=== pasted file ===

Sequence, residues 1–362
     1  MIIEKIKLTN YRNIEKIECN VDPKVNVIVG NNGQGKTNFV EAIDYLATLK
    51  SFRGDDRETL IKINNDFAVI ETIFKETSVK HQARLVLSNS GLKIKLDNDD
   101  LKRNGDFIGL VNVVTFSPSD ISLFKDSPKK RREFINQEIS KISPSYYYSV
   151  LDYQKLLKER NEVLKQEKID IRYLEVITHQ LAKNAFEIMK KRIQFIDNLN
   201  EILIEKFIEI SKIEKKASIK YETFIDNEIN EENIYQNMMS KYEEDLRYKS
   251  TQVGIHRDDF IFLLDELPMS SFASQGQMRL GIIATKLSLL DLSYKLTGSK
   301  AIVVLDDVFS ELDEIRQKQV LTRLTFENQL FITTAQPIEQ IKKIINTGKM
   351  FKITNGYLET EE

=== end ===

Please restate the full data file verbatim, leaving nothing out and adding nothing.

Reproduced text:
Sequence, residues 1–362
     1  MIIEKIKLTN YRNIEKIECN VDPKVNVIVG NNGQGKTNFV EAIDYLATLK
    51  SFRGDDRETL IKINNDFAVI ETIFKETSVK HQARLVLSNS GLKIKLDNDD
   101  LKRNGDFIGL VNVVTFSPSD ISLFKDSPKK RREFINQEIS KISPSYYYSV
   151  LDYQKLLKER NEVLKQEKID IRYLEVITHQ LAKNAFEIMK KRIQFIDNLN
   201  EILIEKFIEI SKIEKKASIK YETFIDNEIN EENIYQNMMS KYEEDLRYKS
   251  TQVGIHRDDF IFLLDELPMS SFASQGQMRL GIIATKLSLL DLSYKLTGSK
   301  AIVVLDDVFS ELDEIRQKQV LTRLTFENQL FITTAQPIEQ IKKIINTGKM
   351  FKITNGYLET EE